Short Takes

Because I’m on the road, and there’s no time for long takes.

Francis MarionWhere Did the Fox Live? Right here. I’m on a work trip in South Carolina, home of one of my boyhood heroes, Revolutionary War commando Francis Marion, aka “The Swamp Fox.” This region is full of marshy pine forests where Marion and his irregulars led the Redcoats a merry chase and employed innovative guerrilla tactics to sustain Colonial resistance in an area that had been practically given up as lost to the British. The U.S. Army Rangers trace their origins, in part, to Francis Marion.

His life and military career are not free of controversy—he was a slave owner and participated in a brutal campaign against the Cherokee during the French and Indian War, details absent from the laudatory, romantic biography I found in my school library.

avatar_rift_1Still Saving the World: NetGalley is a cool service that connects reviewers to publishers by providing access to electronic advance review copies of new books—including graphic novels and comic books. Dark Horse Comics has been running a popular graphic novel series based on Avatar: The Last Airbender for some time now that continues the story where the television show left off, and I snagged a NetGalley review copy of the latest installment, The Rift, Part One, written by Gene Luen Yang (whose 2-volume graphic novel Boxers and Saints I reviewed here a few weeks ago) and drawn by Japanese comic art team Gurihiru.                .

Aang, Katara, Sokka, Toph, and a trio of Air Acolytes witness the seating of the first coalition government with representatives from both Fire and Earth Nations, then they travel to a sacred site to celebrate an ancient Air Nomad festival—but trouble’s waiting for them. Aang runs headlong into an unexpected conflict between his desire to resurrect his lost Air Nomad heritage and his vision of global unity among the Nations, and Toph stumbles into emotional tension between her past and present lives. It’s an intelligent, entertaining story that ends with a juicy cliffhanger.

Story, characters, and art preserve the feel and appeal of the original and continue to nicely fill the gap between ATLA and The Legend of Korra while weaving a tale that stands quite well on its own merits and strikes a good balance between thoughtful interaction among the characters and dynamic action. The Rift, Part One hit the streets just a few days ago—if you’re a fan, or if you’re simply looking for a solid fusion of comic art and storytelling in an intriguing speculative universe, pick up a copy.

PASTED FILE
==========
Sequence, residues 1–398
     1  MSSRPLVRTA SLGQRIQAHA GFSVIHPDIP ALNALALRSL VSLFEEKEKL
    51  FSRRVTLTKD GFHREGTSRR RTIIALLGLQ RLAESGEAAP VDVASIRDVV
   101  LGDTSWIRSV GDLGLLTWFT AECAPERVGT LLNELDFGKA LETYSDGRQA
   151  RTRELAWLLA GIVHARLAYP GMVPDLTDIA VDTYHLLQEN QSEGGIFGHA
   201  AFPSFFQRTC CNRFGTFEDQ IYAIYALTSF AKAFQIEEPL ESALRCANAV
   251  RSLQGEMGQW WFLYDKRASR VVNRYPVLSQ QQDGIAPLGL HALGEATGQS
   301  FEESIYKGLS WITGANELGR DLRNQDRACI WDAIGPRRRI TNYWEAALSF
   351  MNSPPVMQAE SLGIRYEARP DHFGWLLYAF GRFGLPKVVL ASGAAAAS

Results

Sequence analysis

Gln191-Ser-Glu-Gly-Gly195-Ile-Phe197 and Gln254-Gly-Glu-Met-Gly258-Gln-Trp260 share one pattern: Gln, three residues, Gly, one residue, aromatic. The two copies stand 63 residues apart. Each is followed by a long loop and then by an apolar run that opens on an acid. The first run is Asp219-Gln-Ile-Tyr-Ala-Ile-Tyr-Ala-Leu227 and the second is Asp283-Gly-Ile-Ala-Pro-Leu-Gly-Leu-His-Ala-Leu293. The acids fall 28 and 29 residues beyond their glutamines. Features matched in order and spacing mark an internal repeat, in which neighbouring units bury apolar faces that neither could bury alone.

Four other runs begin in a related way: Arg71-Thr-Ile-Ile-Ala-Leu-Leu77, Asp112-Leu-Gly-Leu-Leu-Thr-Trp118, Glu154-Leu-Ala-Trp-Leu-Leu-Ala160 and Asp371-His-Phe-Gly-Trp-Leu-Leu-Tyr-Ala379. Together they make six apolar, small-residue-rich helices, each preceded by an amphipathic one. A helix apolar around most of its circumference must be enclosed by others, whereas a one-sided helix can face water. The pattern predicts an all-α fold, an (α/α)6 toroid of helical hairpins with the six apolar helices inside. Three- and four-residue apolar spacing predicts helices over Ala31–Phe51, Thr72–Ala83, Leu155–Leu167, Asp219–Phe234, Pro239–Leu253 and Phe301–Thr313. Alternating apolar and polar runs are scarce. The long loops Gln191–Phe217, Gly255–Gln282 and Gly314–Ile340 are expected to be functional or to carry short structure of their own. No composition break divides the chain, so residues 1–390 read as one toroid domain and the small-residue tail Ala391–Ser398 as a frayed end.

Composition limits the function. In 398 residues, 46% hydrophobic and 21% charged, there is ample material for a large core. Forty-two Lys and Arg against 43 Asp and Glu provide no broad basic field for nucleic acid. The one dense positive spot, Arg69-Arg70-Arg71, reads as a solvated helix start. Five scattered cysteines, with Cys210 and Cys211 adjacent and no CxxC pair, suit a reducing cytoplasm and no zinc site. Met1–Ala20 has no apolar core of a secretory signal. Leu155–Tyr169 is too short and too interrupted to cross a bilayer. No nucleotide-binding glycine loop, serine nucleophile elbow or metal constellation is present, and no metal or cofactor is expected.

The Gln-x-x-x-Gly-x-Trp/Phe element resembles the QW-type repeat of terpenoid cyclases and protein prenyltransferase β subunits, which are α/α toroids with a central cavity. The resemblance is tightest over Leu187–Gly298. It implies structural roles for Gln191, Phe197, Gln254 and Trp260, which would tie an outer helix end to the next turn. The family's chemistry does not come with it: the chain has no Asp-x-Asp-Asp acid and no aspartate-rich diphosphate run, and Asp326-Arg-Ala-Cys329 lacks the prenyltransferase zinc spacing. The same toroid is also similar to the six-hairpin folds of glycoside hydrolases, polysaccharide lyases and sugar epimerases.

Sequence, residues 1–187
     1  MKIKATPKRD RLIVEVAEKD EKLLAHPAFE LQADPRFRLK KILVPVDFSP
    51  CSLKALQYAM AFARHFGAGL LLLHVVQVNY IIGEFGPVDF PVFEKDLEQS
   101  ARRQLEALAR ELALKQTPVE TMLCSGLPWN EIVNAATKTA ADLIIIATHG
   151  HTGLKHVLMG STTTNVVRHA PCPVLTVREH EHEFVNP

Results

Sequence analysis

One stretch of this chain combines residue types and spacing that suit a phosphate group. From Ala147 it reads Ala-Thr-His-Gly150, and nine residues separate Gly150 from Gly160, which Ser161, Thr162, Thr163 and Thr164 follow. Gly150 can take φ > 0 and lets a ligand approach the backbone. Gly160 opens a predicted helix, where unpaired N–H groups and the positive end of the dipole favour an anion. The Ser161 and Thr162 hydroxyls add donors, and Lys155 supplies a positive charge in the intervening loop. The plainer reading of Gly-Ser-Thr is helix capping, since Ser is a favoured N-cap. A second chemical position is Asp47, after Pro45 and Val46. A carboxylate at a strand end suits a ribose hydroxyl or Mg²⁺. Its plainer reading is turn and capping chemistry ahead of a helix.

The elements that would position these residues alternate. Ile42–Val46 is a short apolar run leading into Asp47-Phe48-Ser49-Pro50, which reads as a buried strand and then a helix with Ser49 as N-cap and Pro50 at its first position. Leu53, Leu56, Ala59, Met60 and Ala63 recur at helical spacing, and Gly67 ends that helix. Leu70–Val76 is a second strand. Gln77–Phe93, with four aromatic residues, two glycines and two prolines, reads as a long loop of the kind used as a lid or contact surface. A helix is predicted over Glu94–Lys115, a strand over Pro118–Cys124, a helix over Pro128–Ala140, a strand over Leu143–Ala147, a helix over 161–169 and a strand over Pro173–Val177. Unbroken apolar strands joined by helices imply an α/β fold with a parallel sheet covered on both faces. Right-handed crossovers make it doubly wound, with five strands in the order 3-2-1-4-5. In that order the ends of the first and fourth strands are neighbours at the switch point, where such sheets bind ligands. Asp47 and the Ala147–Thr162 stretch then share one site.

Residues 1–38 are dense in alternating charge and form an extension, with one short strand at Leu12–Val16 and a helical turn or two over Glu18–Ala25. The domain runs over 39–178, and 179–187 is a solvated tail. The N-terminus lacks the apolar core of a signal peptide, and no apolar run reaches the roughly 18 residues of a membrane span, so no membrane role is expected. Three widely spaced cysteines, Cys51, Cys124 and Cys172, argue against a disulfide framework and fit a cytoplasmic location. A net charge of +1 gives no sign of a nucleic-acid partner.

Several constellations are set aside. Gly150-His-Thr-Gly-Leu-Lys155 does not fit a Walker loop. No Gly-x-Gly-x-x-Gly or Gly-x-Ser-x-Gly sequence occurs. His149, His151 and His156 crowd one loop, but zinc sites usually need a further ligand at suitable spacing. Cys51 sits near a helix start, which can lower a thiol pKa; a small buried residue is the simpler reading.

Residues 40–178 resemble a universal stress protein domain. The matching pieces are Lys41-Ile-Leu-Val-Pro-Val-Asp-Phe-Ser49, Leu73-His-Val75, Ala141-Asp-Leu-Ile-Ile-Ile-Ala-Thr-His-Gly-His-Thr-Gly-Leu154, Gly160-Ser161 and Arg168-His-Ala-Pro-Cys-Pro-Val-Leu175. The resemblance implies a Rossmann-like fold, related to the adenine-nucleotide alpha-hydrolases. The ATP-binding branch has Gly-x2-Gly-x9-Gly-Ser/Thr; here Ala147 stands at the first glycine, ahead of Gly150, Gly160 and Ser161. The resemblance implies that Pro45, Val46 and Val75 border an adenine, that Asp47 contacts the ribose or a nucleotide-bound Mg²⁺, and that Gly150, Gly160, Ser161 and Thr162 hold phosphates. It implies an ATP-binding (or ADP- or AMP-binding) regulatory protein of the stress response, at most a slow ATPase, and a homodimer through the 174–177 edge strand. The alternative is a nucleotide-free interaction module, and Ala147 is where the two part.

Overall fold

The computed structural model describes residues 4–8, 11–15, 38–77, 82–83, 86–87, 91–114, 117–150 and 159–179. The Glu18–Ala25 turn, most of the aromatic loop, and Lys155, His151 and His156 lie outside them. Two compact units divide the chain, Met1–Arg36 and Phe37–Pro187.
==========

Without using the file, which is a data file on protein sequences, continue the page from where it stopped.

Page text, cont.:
nodamecantabileMusic Hath Charms: Hardworking, prickly perfectionist Shinichi Chiaki wants to achieve his dream of becoming a symphony conductor, but his abrasive introversion is holding him back from greatness. Lazy, childish Megumi “Nodame” Noda is a piano prodigy, but it looks like she’ll never come close to fulfilling her potential. Can these two misfits somehow supply each other’s missing pieces and make beautiful music together?

Not a chance.

Well, maybe there’s a glimmer of hope. Nodame Cantabile is a cute romantic comedy filled with wonderful classical music, but this anime suffers from stereotyped characters and uneven animation quality. Megumi is embarrassingly ditzy and infantile through most of the early episodes, though she gains depth as the story develops, and Shinichi begins as such a dismissive jerk that he threatens to be completely unsympathetic, though he also gains humanity and likability as we learn more about him. Bottom line, there’s an infectious thread of joy and love for the masterpieces of classical music woven into this series, and given a little patience, it’s a fun watch. 24 episodes, English-dubbed, free-streaming on Crackle.

jesus-of-nazareth-2On the Down Low: Lent is here again, but I won’t say anything about how I’m observing it this year, other than to note I’m reading the second volume of Joseph Ratzinger’s Jesus of Nazareth—Holy Week: From the Entrance Into Jerusalem to the Resurrection, which I intended to read last year at this time but did not. It’s a bit more theologically dense than the first volume, which focused on Jesus’ ministry years, but it’s well worth the effort. I’ll post a complete review after I’ve finished it.

You can find my reflections on Lent, and devotional resources from previous years, here.

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